AARP AARP States North Carolina Advocacy

Looking to Help Workers Save

Retirement savings 1
By Lisa H. Towle

When Jodie Appel opened a spa called the Salt Cave in Asheville in 2012, she and her partners, who also happen to be her parents, concentrated on promoting the health benefits of spending time in a nature-inspired salt mine.

Five years later, their focus expanded to offering a rarer benefit: a voluntary retirement savings program for their 15 employees.

“If you take care of your people, they will be even more encouraged to stay with you and take care of the clients. Everyone benefits,” said Appel, 40, who had never had access to such a plan with small businesses in previous years.

Surveys have shown that small-business owners tend to avoid retirement plans because they’re perceived as costly and complex. But Appel’s father, Neal, a pharmacist who owned a drugstore before retirement, dug into the research so they could set up what’s called a Simple IRA, or 408(p).

That makes the Salt Cave unusual. According to Doug Dickerson, state director of AARP North Carolina, about half of the state’s 4.8 million private-sector workers have no retirement savings plan through their employer.

Yet people are about 15 times more likely to save for retirement when they have a payroll-deduction program, according to research by the AARP Public Policy Institute.

“More and more people are retiring into poverty. About one-third of people in the state 62 and older rely primarily—if not exclusively—on Social Security and are living on an income of less than $14,000 a year,” said Dickerson.

States look for solutions

AARP has been meeting with small-business owners and legislative leaders to look at savings solutions, according to Lisa Diaz Riegel, AARP North Carolina manager of advocacy.

One initiative, tried in other states, is a work-and-save program that would help private-sector workers build retirement savings with automatic deductions from their paychecks. By aggregating the contributions from those employees at small businesses, the state could support savings plans that have better terms than individuals could get on their own. The ease of automatic deductions improves participation rates, too.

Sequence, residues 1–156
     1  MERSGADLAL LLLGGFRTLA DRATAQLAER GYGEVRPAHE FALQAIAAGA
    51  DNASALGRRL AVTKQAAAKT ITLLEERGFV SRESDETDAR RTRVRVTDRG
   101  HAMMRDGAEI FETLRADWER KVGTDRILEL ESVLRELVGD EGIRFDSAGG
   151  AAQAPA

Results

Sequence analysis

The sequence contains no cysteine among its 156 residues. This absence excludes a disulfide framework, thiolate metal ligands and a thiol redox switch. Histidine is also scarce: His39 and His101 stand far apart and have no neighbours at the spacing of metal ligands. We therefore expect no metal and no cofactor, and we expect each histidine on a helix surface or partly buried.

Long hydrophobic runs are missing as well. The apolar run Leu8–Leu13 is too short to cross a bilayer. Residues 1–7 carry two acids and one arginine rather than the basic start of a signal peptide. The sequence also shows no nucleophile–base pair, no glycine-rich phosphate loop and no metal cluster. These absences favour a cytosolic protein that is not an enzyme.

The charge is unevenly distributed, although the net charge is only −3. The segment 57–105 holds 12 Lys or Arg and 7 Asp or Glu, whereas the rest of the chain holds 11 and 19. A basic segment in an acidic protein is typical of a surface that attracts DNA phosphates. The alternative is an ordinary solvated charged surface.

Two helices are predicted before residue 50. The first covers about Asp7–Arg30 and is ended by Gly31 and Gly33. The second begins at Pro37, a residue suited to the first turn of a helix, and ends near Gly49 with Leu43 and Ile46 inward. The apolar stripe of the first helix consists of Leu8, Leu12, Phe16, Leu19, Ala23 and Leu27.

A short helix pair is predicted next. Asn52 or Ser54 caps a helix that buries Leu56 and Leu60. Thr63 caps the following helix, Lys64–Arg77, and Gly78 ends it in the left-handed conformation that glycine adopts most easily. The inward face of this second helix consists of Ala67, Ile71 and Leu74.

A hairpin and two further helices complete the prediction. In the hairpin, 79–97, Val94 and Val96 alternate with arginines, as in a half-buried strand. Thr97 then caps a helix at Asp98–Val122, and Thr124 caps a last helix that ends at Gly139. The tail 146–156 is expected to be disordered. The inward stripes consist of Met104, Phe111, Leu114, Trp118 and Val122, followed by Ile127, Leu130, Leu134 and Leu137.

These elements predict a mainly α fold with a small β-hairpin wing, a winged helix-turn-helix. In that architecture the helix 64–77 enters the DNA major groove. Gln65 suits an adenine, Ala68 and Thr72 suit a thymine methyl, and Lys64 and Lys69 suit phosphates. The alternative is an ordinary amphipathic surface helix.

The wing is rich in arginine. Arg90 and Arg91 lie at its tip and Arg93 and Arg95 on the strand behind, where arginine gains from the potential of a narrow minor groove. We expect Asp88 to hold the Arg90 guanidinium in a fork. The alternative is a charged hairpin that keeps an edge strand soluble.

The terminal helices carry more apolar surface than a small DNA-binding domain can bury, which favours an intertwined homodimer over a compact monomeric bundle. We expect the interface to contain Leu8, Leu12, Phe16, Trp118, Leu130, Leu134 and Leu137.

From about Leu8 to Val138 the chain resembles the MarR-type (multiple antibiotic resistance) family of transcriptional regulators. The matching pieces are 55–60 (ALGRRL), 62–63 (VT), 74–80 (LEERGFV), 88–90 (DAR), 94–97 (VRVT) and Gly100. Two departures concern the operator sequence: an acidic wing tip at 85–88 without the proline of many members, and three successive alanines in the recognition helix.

Work-and-save programs are not taxpayer funded, and employee contributions are voluntary. Having a retirement savings option can be a win for businesses, as it could help with talent recruitment in a competitive market.
“The goal is to make this a no-hassle, low-cost program for all involved,” Riegel said.

Already, 10 states have passed work-and-save legislation, and about 30 others are weighing it. The first such program, in Oregon, achieved nearly $5 million in savings and almost 58,000 participants in one year.

Jodie Appel is enthusiastic about AARP’s efforts to promote work-and-save programs.

“Change won’t happen unless business owners, legislators and advocates like AARP work together,” she said. “Better-funded retirements mean healthier, happier people, which means healthier, happier businesses, which means healthier, happier communities.”

Lisa H. Towle is a writer living in Cary, North Carolina.

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